Topic: College of Fine Arts
September 16, 2014
Works like Hiromi Takizawa's "Ultraviolet" (top) and Alicia Eggert's "Everything You Are Looking For" will be among the installations featured in the exhibition.
Using everything from live plants to ceramics and stone, neon in contemporary art will be explored in a new exhibition, Negotiating Distance: A Neon Invitational, at Ball State University's Atrium Gallery Sept. 23 through Oct. 18.
Works in the collection will include large-scale neon sculptures and installations created by four internationally known artists: Hiromi Takizawa, Alicia Eggert, Sarah Blood and Fred Tschida. The artists will be special guests at a Sept. 23 reception from 4 p.m. to 6 p.m. in the gallery. The event is free and open to the public.
"When people think of neon, their first thought is usually kitschy signs hanging in storefronts, but these artists are using it in fresh ways that will inspire our own glass students," said Aric Snee, curator of the show and manager of the university's Marilyn K. Glick Center for Glass.
For a work like "Ultraviolet," an installation of neon tubes hanging inside a terrarium-like box with live plants, Takizawa addresses a sense of place and her childhood spent in the natural world of Japan. Eggert's electronic sculptures, such as "Everything You Are Looking For," focus on the relationship between language, image and time. Blood combines neon with objects such as ceramics and stone to create surprising juxtapositions of textures and aesthetics, whereas Tschida, a recently retired glass art professor at New York's Alfred University, explores his fascination with science, light and gas through his neon creations.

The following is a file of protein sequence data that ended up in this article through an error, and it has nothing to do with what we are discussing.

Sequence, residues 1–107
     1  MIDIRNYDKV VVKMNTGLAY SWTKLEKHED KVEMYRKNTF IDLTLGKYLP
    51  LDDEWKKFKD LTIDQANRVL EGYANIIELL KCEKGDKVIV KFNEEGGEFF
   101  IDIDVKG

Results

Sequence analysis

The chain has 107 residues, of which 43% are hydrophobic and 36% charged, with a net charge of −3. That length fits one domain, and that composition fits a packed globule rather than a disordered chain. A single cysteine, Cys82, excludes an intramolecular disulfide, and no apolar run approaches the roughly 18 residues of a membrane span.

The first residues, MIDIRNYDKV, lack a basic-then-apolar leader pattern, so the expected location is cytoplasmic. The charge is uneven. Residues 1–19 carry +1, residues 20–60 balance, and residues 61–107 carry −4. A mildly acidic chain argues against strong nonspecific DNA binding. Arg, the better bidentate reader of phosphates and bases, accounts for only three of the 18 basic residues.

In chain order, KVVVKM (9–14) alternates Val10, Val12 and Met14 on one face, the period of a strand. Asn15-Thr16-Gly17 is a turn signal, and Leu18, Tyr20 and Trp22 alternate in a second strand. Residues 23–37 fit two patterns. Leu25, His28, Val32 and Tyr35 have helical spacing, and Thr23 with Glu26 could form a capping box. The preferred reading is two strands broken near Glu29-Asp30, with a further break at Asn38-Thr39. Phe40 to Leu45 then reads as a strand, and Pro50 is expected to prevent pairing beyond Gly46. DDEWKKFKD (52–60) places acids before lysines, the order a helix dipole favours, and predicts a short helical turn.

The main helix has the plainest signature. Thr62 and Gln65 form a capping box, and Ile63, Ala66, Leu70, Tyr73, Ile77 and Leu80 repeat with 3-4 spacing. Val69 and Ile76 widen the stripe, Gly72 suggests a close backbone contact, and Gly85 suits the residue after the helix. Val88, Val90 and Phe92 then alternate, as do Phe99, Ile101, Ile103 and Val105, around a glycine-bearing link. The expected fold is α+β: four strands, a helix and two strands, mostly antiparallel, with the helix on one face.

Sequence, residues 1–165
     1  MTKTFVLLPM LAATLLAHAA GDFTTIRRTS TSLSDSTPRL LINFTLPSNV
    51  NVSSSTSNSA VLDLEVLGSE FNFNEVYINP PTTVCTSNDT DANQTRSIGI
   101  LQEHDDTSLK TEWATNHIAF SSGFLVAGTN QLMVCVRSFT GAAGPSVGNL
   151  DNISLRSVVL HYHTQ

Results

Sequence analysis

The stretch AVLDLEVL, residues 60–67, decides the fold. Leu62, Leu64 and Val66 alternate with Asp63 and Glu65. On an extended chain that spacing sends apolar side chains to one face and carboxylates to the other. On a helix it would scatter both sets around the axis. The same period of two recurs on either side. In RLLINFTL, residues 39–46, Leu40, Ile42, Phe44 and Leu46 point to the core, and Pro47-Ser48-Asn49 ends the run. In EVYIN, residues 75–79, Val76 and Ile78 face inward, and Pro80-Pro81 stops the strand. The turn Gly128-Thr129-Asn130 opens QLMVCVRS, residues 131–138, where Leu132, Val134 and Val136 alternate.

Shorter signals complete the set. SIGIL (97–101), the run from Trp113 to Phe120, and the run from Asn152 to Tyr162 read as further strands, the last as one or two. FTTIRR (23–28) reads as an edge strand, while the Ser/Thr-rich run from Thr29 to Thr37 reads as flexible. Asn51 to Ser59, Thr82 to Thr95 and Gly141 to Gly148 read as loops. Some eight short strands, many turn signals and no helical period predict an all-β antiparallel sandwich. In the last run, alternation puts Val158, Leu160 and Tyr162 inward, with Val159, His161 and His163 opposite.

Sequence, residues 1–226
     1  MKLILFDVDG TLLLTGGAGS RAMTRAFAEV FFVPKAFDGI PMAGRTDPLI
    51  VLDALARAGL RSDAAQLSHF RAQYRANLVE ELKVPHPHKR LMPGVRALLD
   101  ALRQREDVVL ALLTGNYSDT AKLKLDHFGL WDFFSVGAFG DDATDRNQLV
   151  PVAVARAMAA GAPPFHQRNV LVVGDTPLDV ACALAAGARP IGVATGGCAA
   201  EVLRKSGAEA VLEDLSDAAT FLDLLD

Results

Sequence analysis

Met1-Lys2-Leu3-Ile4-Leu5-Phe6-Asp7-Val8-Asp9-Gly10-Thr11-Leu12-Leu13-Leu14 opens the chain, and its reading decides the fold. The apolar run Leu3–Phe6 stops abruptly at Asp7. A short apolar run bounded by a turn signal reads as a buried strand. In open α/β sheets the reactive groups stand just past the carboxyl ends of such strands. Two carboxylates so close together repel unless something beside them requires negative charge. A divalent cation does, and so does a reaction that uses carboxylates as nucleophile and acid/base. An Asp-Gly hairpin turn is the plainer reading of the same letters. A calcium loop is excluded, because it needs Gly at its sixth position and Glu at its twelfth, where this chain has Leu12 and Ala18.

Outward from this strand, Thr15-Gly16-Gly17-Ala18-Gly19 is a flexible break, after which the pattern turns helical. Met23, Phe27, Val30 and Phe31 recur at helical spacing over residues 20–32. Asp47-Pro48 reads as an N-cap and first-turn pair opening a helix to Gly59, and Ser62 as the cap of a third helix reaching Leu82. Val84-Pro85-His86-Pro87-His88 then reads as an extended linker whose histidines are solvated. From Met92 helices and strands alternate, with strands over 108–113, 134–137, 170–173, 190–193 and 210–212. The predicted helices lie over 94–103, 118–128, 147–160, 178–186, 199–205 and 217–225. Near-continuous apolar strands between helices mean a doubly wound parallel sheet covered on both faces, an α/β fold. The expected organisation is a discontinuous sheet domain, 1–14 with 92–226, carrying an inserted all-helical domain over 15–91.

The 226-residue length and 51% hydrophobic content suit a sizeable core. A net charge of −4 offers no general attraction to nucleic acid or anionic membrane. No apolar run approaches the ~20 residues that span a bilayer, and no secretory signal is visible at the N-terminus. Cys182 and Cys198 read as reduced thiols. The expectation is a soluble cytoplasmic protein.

"All four artists deal with the idea of distance in their work in diverse and meaningful ways," Snee said. "The show seeks to inform viewers of the variety of ways neon can be used as text, medium and subject."
School of Art Director Thomas Riesing said Ball State is fortunate to collaborate on the exhibition with four leading artists in contemporary glass today. The university's glass art program, which offers undergraduate and graduate degrees, recently introduced neon to its curriculum; it is the only collegiate glass program offered in Indiana.
Atrium Gallery is open Tuesdays through Fridays, 10 a.m. to 4 p.m., and Saturdays 1 to 4 p.m.